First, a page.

If your pup is displaying other signs of anxiety, such as destructive behavior, urinating in the house, pacing, panting, or any other concerning symptoms, it can be related to more severe anxiety disorders. Dogs can sometimes develop an obsessive-compulsive disorder with paw chewing, so if this is a chronic problem that you cannot seem to find relief for, give your vet a call. They can help you implement new actions to relieve anxiety and prescribe anxiety medication if needed. You may also want to consider CBD treats to help your dog’s anxiety.
Fleas & Ticks
Fleas and ticks like to hide out in dark crevices on our beloved pups. Ticks especially love the spot between the toes on their paws and can cause great discomfort by doing this. If you see your dog chewing at their nails or toes, make sure to check in between her toes and on the paw pads for any unwanted fleas or ticks. If you do see any ticks or unwanted pests in between their toes, it is always best to visit your vet for proper removal. Ticks can be tricky to remove completely, and parts of their bodies are often left behind on the skin in the removal process. Your vet can show you how to properly remove these unwanted friends.
Another condition that can cause itchiness is flea dermatitis. This is characterized by red and itchy skin with the current or previous presence of fleas. Fleas can trigger an allergic response that results in severe skin irritation and itchiness all over the body. If your dog has fleas and is chewing at her nails and paws, it could be due to this itchy condition.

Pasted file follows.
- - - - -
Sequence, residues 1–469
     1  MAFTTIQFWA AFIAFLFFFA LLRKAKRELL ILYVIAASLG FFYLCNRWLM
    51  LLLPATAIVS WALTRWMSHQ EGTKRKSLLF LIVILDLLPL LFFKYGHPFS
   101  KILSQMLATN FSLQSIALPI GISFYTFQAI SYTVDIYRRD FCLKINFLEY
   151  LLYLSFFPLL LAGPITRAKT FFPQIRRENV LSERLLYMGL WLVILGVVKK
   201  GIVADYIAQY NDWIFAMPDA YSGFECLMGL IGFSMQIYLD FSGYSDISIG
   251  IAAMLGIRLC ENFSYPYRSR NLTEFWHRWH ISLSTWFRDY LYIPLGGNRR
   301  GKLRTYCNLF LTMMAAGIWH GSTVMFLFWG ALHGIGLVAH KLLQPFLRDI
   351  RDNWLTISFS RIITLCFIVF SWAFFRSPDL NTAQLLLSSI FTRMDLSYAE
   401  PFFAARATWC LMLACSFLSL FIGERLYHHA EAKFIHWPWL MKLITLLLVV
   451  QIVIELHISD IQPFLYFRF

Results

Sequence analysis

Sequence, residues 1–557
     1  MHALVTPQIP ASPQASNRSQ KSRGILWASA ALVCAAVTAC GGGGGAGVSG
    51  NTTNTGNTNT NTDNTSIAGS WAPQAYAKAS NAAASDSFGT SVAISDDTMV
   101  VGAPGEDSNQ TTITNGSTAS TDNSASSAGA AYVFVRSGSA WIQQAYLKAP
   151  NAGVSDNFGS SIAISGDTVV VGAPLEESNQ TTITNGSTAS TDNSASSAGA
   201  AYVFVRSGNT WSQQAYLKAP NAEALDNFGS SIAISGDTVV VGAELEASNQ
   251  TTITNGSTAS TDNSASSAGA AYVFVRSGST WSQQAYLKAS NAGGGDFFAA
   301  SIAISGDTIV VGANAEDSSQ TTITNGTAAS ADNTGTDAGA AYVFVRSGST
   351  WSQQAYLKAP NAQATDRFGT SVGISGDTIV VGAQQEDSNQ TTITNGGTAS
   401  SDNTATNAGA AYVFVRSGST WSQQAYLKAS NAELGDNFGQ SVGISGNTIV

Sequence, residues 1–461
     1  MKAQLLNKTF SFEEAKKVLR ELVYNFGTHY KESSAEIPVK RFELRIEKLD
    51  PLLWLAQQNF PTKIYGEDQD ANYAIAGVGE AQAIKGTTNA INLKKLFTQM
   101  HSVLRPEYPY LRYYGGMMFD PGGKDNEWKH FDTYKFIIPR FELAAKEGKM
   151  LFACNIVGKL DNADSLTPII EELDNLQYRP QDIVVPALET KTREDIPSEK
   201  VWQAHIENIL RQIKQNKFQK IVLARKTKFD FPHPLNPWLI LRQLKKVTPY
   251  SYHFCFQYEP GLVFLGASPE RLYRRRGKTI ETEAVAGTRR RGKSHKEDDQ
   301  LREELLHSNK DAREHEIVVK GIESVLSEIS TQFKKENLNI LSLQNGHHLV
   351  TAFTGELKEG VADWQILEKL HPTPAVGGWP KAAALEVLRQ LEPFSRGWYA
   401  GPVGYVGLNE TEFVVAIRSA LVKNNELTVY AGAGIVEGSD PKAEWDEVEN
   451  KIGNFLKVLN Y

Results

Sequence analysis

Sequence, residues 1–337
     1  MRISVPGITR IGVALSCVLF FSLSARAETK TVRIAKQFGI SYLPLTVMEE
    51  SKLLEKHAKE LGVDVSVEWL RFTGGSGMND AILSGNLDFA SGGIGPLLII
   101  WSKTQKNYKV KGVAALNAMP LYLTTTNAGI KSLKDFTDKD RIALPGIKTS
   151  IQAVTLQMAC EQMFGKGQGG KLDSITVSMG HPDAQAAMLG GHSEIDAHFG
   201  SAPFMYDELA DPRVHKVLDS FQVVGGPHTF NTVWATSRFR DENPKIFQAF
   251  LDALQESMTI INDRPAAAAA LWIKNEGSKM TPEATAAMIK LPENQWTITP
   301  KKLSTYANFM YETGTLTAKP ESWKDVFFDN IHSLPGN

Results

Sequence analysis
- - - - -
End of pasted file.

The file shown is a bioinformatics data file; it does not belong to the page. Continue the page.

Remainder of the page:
Keeping your pet on monthly flea and tick prevention can avoid any secondary conditions from these pesky skin critters. There are many different routes you can utilize to treat fleas, and topical solutions are some of the most common treatment avenues for fleas and ticks.
Dogs are not exempt from broken nails. Broken nails can be excruciatingly painful, and your pup may not know how to tell you what is wrong. With how active our dogs can be, they often experience nail injuries at least once throughout their lives. This can easily happen from getting their nail caught on things or nails getting cracked in different ways. This can often be incredibly painful, leading a dog to lick or bite at the affected nail in an effort to soothe the pain. Some other signs you may see associated with a nail injury are:
- Excessive nail biting.
- Licking the paw and nail.
- Swelling around nails and paws.
- Redness around nails.
- Blood on the paw or on the carpet where your pup stands.
- Limping or refusing to put weight on a paw.
- Paw sensitivity.
- Not allowing you to examine their paw.
- Emotional distress from the pain.
If you think your dog may have a nail injury, it’s important to have them seen by your veterinarian right away. These injuries are known to get infected quickly and can result in severe pain for your pup. If infections go untreated, they can be harmful to the overall health of your pup or even fatal in severe cases. This is especially true of the dog’s archnemesis – the foxtail plant when it gets lodged in a tender paw.
Skin Conditions & Mange
There is a long list of different skin conditions that can present around your dog’s paws and nails that can result in chewing or biting at nails and paws. One of these common skin conditions is demodectic mange, which can often be localized on the paws. This will often present as hair loss on the paws and legs, chewing at the feet, and possible secondary infections on the feet from chewing.
In order to properly diagnose this condition, your vet will perform a skin scraping. This involves scraping the skin with a small blade and looking at the skin tissue under a microscope. Once diagnosed, your pup can receive medicated baths, oral medication, or injections to help resolve the condition. It will depend on the severity of your pup’s case for which method of treatment the vet will choose.